What You Should Know About Sewer Main Drains

Large sewer main drain opening surrounded by wooded area and rocks

The Spruce / Ana Cadena

The sewer main drain is a crucial part of a home’s plumbing system. Unfortunately, since it is not visible, the main drain is also something most people don’t know much about. Many homeowners do not think about their home’s sewer pipes until there is a problem―usually a sewer drain clog.

Here are some commonly asked questions regarding a home’s sewer main drain.

How to Fix a Sewer Main Drain Clog

Although a drain snake is usually used to locate and break up a clog in a branch drain line, a clog in the sewer main drain is a more serious problem, requiring the use of a sewer drain snake used through a main clean-out fitting. In cases where there is no clean-out, the process of clearing a sewer stoppage is more difficult and will usually require a professional plumber.

How to Know If You Have a Clean-Out

The only way to know if you have a clean-out is to look for it. Houses are built differently, so sewer clean-outs can be located in different places. Unless you know where to look, a sewer clean-out is usually quite inconspicuous. Also, a clean-out that is located outside can become hidden by landscaping over time. When trying to find the sewer clean-outs, the first place to look is near the bathroom. In homes with basements, the main clean-outs are often set into the concrete slab, near the foundation walls. Once you know where to look it is not too difficult to find the sewer clean-outs if you have them.

What to Do If You Don’t Have a Clean-Out

A clean-out is very important, particularly if you have sewer drain clogs often. If you do not have one, you may consider having a main clean-out installed. Not only will it be cheaper than having your main line snaked often, but it can also serve as a release when the main line is backed up, allowing water to leak outside instead of flooding the inside of the house.

If the Main Drain Line Cannot Be Cleared

If you have tried using a sewer drain snake yourself without success, you may want to call a professional plumber. If the plumber tells you they tried to snake out the main line and it can not be cleared, call another plumber for a second opinion before rushing into having the main drain line replaced. The price to replace the line can be very high, so it is well worth a second opinion before you spend the money.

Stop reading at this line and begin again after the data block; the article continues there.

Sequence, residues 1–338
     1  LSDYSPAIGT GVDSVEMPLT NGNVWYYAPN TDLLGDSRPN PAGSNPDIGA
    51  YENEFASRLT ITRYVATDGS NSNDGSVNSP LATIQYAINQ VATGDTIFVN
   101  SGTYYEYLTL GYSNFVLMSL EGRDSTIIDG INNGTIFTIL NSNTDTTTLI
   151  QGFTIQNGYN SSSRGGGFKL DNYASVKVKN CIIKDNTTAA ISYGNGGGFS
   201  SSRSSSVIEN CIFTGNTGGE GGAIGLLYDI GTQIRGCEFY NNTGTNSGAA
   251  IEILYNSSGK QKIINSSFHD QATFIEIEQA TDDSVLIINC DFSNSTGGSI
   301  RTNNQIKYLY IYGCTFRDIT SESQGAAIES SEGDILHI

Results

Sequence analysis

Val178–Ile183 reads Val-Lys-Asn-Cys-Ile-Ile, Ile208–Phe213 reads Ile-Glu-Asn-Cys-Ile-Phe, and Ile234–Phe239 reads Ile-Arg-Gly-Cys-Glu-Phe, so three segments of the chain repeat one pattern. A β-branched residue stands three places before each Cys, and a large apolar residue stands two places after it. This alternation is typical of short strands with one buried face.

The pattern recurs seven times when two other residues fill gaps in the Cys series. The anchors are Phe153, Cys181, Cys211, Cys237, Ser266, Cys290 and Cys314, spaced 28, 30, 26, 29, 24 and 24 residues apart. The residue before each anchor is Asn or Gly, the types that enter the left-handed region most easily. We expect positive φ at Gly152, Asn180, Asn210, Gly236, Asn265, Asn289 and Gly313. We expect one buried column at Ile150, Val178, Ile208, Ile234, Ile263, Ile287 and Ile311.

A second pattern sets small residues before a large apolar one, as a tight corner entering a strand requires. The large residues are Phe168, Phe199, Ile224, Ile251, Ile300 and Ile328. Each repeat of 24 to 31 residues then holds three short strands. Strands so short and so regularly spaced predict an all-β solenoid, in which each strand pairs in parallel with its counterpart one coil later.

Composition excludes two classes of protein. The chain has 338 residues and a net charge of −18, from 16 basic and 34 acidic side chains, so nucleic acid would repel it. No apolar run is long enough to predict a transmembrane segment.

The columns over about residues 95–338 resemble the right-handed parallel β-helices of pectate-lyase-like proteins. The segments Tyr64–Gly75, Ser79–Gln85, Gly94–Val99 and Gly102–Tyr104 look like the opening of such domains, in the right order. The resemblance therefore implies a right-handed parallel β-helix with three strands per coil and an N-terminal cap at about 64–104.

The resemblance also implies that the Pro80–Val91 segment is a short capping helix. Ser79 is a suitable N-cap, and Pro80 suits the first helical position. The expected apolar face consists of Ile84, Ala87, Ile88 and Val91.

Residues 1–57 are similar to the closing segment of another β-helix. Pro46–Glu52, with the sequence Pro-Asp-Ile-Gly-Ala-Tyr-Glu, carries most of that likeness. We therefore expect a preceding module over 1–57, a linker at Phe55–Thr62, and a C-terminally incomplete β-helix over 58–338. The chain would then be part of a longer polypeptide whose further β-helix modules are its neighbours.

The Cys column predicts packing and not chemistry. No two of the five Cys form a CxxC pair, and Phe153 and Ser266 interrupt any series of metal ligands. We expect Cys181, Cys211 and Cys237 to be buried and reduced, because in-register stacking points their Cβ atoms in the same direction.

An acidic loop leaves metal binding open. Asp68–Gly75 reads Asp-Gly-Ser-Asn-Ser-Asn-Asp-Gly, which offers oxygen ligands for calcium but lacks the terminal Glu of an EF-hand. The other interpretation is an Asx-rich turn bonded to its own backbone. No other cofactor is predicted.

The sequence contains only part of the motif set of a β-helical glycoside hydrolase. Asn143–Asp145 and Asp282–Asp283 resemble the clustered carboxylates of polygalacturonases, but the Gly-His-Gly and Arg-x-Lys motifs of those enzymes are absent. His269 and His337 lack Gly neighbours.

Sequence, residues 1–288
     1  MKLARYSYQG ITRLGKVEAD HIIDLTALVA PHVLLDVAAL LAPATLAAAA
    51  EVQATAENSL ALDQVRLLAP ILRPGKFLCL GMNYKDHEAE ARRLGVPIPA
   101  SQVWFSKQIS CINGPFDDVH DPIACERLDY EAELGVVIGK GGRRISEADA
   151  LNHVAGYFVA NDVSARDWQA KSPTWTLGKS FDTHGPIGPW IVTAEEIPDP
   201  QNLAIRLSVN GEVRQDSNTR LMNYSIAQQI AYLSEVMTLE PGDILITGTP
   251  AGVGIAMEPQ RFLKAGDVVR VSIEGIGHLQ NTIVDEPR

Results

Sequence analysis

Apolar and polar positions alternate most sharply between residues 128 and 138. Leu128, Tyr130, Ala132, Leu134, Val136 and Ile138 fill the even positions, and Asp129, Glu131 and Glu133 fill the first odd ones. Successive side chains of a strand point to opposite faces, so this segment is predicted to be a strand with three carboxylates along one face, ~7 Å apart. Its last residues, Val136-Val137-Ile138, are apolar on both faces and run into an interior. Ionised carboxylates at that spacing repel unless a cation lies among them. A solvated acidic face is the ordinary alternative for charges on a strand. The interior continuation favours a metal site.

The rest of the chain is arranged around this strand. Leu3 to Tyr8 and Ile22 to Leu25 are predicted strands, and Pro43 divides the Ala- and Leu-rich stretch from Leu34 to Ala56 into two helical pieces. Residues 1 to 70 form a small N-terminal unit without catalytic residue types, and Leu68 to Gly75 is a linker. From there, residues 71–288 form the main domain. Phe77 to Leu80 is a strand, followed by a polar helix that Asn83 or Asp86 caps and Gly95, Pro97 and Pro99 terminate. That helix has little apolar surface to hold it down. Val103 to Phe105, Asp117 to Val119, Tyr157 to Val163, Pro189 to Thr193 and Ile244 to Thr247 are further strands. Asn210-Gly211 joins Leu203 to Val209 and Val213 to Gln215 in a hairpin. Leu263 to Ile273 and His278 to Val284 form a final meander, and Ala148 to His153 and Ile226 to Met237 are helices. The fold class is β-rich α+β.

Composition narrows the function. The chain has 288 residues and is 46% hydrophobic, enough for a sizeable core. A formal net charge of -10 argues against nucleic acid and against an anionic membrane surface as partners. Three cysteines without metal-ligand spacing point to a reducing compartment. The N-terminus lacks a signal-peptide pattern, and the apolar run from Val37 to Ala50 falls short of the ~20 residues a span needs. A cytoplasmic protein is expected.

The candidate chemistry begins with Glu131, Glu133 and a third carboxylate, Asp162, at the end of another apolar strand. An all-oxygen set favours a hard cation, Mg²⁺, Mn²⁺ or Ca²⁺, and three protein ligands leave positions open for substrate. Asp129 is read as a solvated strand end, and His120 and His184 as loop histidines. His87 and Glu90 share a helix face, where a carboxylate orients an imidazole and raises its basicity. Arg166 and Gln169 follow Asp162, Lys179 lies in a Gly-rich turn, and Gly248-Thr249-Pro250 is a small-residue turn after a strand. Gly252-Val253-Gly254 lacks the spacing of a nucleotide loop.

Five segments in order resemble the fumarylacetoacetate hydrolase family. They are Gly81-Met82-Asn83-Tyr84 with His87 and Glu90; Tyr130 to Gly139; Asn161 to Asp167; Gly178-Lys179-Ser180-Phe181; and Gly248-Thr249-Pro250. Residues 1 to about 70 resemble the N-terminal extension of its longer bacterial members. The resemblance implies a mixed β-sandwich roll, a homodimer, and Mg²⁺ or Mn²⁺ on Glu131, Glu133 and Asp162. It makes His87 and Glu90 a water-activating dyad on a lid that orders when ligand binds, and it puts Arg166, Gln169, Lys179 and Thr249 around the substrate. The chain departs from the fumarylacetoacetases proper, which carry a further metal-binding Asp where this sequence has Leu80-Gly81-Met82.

When to Replace Your Main Line

This is really a matter of opinion. If your main line backs up more than once a year, then it could be worthwhile to have the problem area dug up and repaired, or to have the line replaced. Many times, though, it is just a matter of having the sewer main line snaked once every year or two. This is particularly true if the roots from large trees grow into the sewer line. The difference in price between snaking vs. digging up the line and either repairing or replacing it is significant.

How to Prevent Sewer Main Clogs

There are several causes for sewer main drain clogs. Some are not preventable, such as tree roots and collapsing pipes. Other things can be monitored to help prevent frequent clogs. One important preventive measure is to be careful about what goes down the drain. Solid objects that are flushed down the toilet can become lodged and help cause a sewer stoppage. Also, excessive food and oils washed down the kitchen drain can contribute to sewer main drain clogs.

When the Homeowner Is Responsible for Clearing Clogs

The location and cause of the stoppage will usually determine who is responsible for the repair. Check with your city first before having any work done to your sewer main drain. In some cases, the city or town will remedy the situation if the cause is on their end.

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  1. Clatterbuck, Wayne K. and Ward, Brett. Choosing "Sewer Safer" Trees? The University of Tennessee Extension.